• More value is attributed to stories pertaining to issues that are in the spotlight of the public
    06/08/09
  • 4. Gathering, Selecting Processing, and Presenting the News
    • 4.2.2 Story Formats
    • The story itself must be packaged in one of the story formats
        • 1. The “Five Ws”:
            • A well-written newspaper is one that tells:
            • Who did What, Where, When and Why
    06/08/09
  • 4. Gathering, Selecting Processing, and Presenting the News
    • 4.2.2 Story Formats
        • 2. The Inverted Pyramid:
            • Graphic (METAPHOR) to illustrate
            • News stories are organized so that the most important ideas appear first
            • People read just the headlines
            • Other stop after reading the “lead” sentence
            • So the most important ideas need to be set forth at the very outset
    06/08/09
  • 4. Gathering, Selecting Processing, and Presenting the News
    • 4.2.2 Story Formats
        • 3. VOT Voice-over-tape:
            • In which the viewer first sees the anchorperson, but is then switched to a videotape with the anchor's voice over the ongoing picture
        • 4. The Stand-up with package:
            • Is similar with the reporter interviewing someone at the scene
    06/08/09
  • 4. Gathering, Selecting Processing, and Presenting the News
    • 4.2.3 Alternative Journalistic Styles
      • A number of alternative journalistic styles have come into use at one time or another
      • Some were popular at one point of time
      • Some have left their marks on the contemporary news industries
        • 4.2.3.1 The Sensational or tabloid Journalism Style:
            • Trivialization of the news
            • Infotainment: a merging of information and entertainment
        • 4.2.3.2 The objective or impartial journalism:
            • Separate facts from opinion
            • Presenting an emotionally detached view of the news
            • Striving for fairness and balance
    06/08/09
  • 4. Gathering, Selecting Processing, and Presenting the News
    • 4.2.3 Alternative Journalistic Styles
        • 4.2.3.3 The advocacy style:
            • The reporter and the story identify with the “advocate” that is to promote a cause a position
        • 4.2.3.4 Precision Journalism:
            • It makes use of the research procedures of the social sciences to gather and report quantitative information for the purpose development a news story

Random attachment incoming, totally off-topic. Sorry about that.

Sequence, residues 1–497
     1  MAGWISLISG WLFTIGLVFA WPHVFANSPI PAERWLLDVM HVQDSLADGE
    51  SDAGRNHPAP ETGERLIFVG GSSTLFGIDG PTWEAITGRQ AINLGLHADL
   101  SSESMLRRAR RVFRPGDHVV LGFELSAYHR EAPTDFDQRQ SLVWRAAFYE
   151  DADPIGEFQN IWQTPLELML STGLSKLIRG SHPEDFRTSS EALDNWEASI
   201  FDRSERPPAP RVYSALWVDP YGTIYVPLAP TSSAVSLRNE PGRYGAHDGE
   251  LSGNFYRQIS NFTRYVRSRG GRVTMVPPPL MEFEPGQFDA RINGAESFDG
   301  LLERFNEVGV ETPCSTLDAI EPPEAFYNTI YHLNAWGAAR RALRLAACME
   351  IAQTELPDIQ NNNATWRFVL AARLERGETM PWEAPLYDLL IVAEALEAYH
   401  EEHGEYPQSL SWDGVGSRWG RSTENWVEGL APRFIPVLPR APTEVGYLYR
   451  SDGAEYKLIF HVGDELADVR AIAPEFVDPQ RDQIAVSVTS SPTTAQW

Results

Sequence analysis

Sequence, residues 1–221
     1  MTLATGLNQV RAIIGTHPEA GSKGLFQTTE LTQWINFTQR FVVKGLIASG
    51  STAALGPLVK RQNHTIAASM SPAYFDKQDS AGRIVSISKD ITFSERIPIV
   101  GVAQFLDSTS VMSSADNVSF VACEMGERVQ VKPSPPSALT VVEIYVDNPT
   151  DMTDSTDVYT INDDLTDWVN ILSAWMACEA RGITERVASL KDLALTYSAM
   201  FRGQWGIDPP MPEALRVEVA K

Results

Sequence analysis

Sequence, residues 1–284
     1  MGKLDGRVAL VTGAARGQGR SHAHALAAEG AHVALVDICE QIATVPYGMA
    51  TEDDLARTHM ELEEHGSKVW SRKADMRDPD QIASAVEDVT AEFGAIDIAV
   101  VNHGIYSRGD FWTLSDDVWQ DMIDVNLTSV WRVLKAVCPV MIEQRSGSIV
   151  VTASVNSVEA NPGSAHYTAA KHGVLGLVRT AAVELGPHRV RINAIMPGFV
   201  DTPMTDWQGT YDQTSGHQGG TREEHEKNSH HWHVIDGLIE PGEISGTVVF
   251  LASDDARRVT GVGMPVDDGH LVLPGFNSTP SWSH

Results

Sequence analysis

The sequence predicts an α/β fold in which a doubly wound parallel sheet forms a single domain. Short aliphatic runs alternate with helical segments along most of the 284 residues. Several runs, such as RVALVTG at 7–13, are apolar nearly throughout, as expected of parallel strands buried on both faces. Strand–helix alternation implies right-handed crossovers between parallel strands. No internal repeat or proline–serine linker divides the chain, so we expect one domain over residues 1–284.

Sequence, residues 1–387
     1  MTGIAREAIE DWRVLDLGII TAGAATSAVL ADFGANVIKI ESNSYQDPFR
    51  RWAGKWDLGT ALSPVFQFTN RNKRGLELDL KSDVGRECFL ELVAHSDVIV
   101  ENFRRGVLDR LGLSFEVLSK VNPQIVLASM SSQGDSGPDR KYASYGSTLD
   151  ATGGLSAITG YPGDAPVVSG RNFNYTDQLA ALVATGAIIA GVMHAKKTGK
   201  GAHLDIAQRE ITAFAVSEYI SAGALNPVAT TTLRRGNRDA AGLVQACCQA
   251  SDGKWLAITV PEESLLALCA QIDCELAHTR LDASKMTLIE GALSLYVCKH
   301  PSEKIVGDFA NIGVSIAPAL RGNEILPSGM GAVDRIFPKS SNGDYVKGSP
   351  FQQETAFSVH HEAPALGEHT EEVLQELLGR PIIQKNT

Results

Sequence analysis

• The intensive use of Computer-assisted reporting (CAR)
    06/08/09
  • 4. Gathering, Selecting Processing, and Presenting the News
    • 4.2.3 Alternative Journalistic Styles
        • 4.2.3.5 Civic or Public journalism:
            • Civic Journalism's goal is to keep the press grounded in the concerns of ordinary people, rather than in those of the elite
            • Advocates of this approach argue that traditional journalism is no longer trusted by the public and that
            • Civic journalism can restore confidence
            • Critics warn that it moves journalism away from its traditional impartial and disinterested stance to that of political activists pushing a particular agenda
    06/08/09
  • 5. Contrasting Conceptions of the Nature and Function of News
    • 5.1 The Marketing Approach: News as a Product
        • This approach begins with extensive market research that assembles statistical data on the interests, media habits and concerns of the audience
        • To end declines in newspaper circulation, the market research experts prescribed change, by adding new sections on topics such as lifestyles, entertainment, gardening an housing
        • Sections that help readers “USE” their communities and their environment
        • The best-known example of a newspaper that relies heavily on the marketing approach is the USA
        • It pioneered the use of color, brevity (critics say superficiality) in style
    06/08/09
  • 5. Contrasting Conceptions of the Nature and Function of News
    • 5.2 The Adversarial Approach: Watchdogs of the Public Interest
        • The role of the press as an adversary is the one most honored in the traditions of journalism
        • The press has been called the fourth estate
            • Traditional investigating reporting
            • Muckraker tradition
    06/08/09
  • 6. The Future of the Newspaper
    • See the chapter on the Internet
        • Futurists have been predicting “the death of print”
        • Such forecast have not come true
        • The Vanishing Newspaper: Saving Journalism In The Information Age
    06/08/09
  • Futurists have been predicting “the death of print” Such forecast have not come true
    • 1. Portable
    • 2. Predictable
    • 3. Accessible
    • 4. Cost Effective
    • 1. Perishable
    • 2. Appeal to middle-age and older readers
    • 3. They cause smudges on hands from the ink
    06/08/09